I mentioned earlier that Diane Duane in the process of rewriting her earlier Young Wizards novels to take into effect advances in technology that have occurred since they were first written. Duane has made a post to her blog going into more detail about the process, and the reasoning behind it.
Naturally, when you’re talking about a series as well-loved as Young Wizards, the idea of having it be revised and updated can give some fans a sinking sensation. There’s a certain mentality of "if it ain’t broke, don’t fix it," and I think anybody can understand that. But a remarkable number of oaks we considered classics have been revised by their own authors—for example, J.R.R. Tolkien revised Lord of the Rings several times during the 1960s. His friend, C.S. Lewis, was planning to revise the Narnia series at the time of his death. And more recently, F. Paul Wilson has revised his Repairman Jack novels to bring them all up to date. So it’s not as if it’s a rare occurrence.
And in the blog post, Duane explains that the out-of-date nature of the first few books was putting potential new readers off the series:
I get a lot of mail from them demanding to know why, in the early books, Kit and Nita are so old-fashioned. Why don’t they have phones? Why is the computer stuff in the second and third books, especially in High Wizardry, so ancient and lame? Why is the online “otherworld” which today’s teens and tweens are so familiar with, so completely missing? This disconnect with the basics of the background of modern life is putting them off the books at exactly the point I should be getting them hooked.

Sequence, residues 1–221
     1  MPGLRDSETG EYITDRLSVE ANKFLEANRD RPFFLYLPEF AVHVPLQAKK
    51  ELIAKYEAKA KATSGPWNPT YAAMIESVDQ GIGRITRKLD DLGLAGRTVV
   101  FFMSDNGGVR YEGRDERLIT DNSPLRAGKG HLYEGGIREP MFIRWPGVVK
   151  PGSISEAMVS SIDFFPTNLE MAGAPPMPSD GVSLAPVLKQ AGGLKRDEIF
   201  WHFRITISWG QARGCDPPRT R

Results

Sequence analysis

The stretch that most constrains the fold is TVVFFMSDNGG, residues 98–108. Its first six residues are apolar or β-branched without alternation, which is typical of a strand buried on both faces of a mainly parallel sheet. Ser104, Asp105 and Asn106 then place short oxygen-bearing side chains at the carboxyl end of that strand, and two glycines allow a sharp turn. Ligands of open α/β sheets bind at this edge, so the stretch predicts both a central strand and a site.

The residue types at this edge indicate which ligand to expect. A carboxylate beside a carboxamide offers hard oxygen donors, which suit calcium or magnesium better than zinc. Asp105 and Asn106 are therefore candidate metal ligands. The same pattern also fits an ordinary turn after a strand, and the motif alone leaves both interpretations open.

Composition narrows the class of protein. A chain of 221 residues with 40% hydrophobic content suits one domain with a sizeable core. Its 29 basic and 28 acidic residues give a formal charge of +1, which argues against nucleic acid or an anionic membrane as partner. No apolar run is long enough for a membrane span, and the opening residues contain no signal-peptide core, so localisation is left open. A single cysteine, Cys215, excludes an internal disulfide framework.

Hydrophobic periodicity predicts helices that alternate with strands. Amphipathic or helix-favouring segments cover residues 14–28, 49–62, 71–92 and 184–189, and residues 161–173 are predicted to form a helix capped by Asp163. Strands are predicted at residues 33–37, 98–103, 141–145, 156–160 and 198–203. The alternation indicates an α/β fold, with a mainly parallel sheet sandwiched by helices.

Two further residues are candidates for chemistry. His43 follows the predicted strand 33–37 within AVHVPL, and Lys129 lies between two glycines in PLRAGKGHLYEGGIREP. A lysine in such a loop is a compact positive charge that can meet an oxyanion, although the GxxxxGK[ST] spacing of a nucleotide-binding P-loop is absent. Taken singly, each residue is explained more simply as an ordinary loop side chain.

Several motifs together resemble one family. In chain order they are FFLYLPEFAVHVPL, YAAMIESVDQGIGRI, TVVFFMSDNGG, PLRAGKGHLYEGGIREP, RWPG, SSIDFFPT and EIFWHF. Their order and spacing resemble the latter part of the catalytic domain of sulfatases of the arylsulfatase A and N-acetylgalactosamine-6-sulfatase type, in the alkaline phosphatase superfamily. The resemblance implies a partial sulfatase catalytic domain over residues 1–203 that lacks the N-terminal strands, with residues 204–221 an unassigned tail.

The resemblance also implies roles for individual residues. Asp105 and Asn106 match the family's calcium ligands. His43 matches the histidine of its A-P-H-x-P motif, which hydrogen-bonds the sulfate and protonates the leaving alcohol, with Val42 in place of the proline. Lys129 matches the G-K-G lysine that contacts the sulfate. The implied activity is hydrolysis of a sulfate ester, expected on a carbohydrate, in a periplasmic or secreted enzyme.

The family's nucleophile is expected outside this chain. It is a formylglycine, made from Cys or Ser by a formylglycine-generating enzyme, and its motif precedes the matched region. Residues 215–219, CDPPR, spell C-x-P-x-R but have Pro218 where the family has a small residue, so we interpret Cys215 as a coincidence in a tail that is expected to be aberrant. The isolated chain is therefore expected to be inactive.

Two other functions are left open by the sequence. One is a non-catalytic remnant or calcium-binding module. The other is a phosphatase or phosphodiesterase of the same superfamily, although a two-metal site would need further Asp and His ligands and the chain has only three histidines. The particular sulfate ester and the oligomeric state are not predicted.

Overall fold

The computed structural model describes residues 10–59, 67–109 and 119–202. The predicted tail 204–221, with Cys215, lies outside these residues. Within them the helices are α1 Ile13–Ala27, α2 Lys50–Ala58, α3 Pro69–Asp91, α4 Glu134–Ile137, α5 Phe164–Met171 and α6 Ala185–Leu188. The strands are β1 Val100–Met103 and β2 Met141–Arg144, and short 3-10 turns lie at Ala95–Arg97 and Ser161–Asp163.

She notes that So You Want To Be a Wizard was only the second novel she had ever written, and she has advanced a great deal in the craft since then. 50 novels later, she was happy to be able to apply some of what she had learned in the intervening years to making some much-needed improvements. And the changes that have taken place since then are more than just a matter of technology:
Tween and teen life of the 1980s and 1990s was significantly different from teen and tween life now. Kids are living with greatly changed sets of expectations, limitations and pressures. The New Millennium editions will deal with these as well.
Also, the fact that more recent books in the series take place in the present day has been a little hard to reconcile with the way earlier books and a series took place back in the early 1980s. The revisions to the earlier novels will bring them more into line with the later ones.
The e-book of the New Millennium Edition of So You Want To Be a Wizard will be available from Diane Duane’s e-book store on June 21 and the Kindle and other e-book stores soon afterward. I will be looking forward to seeing what’s changed—and also seeing a lot fewer typos than in the old version.